When historians look back at the movement to end the war on drugs, they might very well point to the 2014 election as the moment when it all got real.
With marijuana legalization measures passing in Oregon, Alaska and Washington, D.C., and with groundbreaking criminal justice reforms passing in California and New Jersey, there's no longer any denying that drug policy reform is a mainstream -- and quite urgent -- political demand.
These wins will boost efforts already underway in states such as California, Massachusetts, Maine, Nevada and Arizona to end marijuana prohibition in 2016, as well as efforts in Congress and around the country to scale back the disastrous policies of mass incarceration.
And speaking of 2016, yesterday's results now mean that Presidential candidates and other prominent candidates for public office will have no choice but to take positions on these issues, which could prove to be another tipping point in national politics. While some major politicians have yet to evolve on marijuana legalization and drug policy reform, that’s likely to change in the coming months and years, as drug war proponents start to pay a heftier price at the polls for their cluelessness.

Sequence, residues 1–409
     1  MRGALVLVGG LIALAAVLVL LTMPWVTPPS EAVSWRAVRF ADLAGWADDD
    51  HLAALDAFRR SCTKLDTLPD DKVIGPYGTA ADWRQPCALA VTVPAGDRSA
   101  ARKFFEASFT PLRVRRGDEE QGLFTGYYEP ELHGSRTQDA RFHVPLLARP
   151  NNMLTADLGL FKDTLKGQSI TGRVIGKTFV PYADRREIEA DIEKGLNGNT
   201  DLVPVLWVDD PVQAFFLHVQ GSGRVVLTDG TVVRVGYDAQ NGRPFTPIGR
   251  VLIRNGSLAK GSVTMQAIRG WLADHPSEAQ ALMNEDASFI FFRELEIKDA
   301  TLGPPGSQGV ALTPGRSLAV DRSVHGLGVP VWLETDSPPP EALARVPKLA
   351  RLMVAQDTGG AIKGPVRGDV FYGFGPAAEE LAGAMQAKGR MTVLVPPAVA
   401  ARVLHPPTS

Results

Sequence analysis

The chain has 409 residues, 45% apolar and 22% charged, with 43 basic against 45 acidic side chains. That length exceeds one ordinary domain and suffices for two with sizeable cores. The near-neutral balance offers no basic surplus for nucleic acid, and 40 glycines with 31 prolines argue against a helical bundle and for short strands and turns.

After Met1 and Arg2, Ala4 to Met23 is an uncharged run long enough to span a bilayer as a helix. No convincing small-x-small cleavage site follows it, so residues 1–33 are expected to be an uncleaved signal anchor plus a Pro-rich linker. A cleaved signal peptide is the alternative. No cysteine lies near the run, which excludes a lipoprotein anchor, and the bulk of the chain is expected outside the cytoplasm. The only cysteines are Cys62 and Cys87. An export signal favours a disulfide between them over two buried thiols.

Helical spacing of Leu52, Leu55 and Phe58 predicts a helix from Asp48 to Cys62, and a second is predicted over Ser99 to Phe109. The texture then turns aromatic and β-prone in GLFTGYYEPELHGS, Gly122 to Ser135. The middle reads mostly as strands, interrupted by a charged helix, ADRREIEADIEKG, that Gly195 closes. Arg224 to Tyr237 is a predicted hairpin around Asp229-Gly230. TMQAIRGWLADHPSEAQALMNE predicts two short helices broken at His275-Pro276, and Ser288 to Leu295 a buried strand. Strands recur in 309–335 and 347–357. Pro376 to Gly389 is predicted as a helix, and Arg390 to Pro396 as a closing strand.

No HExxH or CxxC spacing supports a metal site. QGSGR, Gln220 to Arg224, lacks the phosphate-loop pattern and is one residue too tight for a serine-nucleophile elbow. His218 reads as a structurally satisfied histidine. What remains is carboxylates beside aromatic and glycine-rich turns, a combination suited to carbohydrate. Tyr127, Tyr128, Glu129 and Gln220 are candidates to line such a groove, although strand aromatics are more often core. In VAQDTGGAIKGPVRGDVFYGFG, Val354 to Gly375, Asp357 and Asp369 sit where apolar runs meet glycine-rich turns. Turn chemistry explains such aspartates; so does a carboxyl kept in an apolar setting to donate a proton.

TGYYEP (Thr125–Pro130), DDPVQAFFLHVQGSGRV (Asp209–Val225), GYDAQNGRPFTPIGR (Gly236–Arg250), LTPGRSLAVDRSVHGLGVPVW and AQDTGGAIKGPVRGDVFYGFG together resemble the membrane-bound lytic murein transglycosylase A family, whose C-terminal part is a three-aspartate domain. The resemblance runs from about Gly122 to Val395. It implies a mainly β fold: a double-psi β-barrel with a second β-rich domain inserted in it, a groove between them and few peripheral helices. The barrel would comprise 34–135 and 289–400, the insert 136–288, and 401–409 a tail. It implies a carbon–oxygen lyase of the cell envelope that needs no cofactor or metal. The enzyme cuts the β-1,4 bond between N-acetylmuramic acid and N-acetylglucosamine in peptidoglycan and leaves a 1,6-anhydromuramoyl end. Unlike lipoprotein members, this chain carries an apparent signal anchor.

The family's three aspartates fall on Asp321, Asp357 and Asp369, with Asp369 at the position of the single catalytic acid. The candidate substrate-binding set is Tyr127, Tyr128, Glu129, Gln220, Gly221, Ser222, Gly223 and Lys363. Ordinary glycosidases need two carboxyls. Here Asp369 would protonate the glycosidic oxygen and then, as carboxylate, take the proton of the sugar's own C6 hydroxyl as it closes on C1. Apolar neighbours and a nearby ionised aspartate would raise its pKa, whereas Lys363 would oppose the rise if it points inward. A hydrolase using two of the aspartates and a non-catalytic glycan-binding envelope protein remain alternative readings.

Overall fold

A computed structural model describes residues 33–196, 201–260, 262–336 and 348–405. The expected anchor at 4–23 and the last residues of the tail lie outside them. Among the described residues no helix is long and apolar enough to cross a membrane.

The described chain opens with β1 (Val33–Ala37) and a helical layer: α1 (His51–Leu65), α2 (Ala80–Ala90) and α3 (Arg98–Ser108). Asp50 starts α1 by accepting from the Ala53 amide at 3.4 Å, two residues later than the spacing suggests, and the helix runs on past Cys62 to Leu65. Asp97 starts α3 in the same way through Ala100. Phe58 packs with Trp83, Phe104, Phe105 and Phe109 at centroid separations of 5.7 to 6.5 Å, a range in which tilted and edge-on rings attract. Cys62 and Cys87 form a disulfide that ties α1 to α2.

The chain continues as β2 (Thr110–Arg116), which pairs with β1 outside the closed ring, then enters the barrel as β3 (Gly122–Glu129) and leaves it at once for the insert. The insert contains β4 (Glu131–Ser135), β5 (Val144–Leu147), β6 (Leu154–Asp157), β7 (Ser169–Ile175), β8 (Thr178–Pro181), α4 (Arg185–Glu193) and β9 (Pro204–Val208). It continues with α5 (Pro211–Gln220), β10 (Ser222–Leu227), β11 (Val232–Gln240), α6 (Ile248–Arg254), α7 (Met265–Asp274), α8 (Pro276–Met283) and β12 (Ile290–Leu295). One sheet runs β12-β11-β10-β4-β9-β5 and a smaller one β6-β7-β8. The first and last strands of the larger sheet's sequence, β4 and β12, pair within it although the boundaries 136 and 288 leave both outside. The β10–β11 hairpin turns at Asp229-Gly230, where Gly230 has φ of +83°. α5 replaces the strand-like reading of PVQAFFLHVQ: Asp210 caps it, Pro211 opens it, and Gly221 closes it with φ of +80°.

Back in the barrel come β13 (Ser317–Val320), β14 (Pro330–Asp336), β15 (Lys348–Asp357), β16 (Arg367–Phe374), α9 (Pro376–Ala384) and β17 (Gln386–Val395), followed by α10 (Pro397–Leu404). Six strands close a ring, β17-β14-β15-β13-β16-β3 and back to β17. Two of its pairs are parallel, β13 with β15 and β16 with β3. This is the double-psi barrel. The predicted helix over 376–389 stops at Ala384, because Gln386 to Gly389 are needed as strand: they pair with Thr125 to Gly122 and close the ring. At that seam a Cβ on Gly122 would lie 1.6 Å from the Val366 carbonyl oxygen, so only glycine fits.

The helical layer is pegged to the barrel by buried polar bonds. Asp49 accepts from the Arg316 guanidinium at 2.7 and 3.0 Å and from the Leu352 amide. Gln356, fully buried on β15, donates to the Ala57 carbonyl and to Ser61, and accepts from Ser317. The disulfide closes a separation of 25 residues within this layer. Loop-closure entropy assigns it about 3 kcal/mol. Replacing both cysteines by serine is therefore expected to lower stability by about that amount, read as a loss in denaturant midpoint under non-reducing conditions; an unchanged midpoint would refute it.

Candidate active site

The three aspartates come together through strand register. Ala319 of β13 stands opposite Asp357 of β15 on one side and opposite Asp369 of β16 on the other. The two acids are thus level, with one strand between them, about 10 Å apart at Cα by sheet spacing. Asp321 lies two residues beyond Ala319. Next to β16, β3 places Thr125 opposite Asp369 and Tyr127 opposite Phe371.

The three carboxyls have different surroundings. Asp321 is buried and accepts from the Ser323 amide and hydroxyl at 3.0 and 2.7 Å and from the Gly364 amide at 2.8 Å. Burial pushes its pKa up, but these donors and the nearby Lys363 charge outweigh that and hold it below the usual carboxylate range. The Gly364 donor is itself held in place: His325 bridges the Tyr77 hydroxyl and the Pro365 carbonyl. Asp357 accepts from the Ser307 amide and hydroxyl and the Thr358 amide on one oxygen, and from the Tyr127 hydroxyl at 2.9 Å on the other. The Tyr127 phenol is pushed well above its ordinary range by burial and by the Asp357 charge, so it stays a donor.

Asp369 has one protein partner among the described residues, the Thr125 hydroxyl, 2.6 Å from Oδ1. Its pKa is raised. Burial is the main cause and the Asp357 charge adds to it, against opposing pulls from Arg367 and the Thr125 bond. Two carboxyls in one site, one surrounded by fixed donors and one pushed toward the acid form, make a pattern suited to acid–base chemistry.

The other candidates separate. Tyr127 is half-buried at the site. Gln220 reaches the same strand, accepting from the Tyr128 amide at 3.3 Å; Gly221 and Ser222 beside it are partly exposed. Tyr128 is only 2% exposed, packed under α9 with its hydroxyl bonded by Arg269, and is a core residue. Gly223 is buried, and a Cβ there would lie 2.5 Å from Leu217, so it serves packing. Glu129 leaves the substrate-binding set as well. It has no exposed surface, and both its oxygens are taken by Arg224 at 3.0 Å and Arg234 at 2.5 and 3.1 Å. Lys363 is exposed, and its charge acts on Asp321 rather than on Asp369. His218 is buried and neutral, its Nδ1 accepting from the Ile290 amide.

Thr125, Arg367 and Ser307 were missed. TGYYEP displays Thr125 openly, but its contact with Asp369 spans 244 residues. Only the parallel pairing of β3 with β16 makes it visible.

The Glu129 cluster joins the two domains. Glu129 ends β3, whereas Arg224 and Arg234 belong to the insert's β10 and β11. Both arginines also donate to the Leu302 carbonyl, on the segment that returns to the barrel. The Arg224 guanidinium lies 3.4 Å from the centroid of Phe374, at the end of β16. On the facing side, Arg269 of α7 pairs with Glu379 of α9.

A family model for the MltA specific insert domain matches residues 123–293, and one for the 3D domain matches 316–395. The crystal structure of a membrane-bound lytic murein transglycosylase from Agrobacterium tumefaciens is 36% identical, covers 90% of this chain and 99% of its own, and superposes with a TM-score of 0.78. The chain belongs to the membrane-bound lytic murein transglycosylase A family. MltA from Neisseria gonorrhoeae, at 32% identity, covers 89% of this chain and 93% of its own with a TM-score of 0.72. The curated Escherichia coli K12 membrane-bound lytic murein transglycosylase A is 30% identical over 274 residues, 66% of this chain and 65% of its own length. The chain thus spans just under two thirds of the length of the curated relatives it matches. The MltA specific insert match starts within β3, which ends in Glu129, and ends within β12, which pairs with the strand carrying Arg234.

These resounding victories are even more notable for having happened in a midterm election year, as younger voters turned out in smaller numbers than 2012 and Democrats suffered at the polls. They're another confirmation of drug policy reform's broad support across the political spectrum -- it's no longer just a liberal cause but now a conservative and bipartisan one as well. Here are some of last night's highlights:
This election has solidified drug policy reform’s place as a mainstream political issue, as voters across the country have accelerated the unprecedented momentum to legalize marijuana and end the wider drug war.
It’s always an uphill battle to win drug policy reform initiatives in a year like this, when young people are so much less likely to vote, which makes these victories all the sweeter.
While public opinion has shifted dramatically over the last decade in favor of reforming marijuana laws and dismantling the egregious excesses of the drug war, we can't expect our country's entrenched prison-industrial complex to just go away quietly.
It's up to us -- as people who care about science, compassion, health and human rights -- to ensure that real change continues as quickly as possible.
Jag Davies is the publications manager for the Drug Policy Alliance.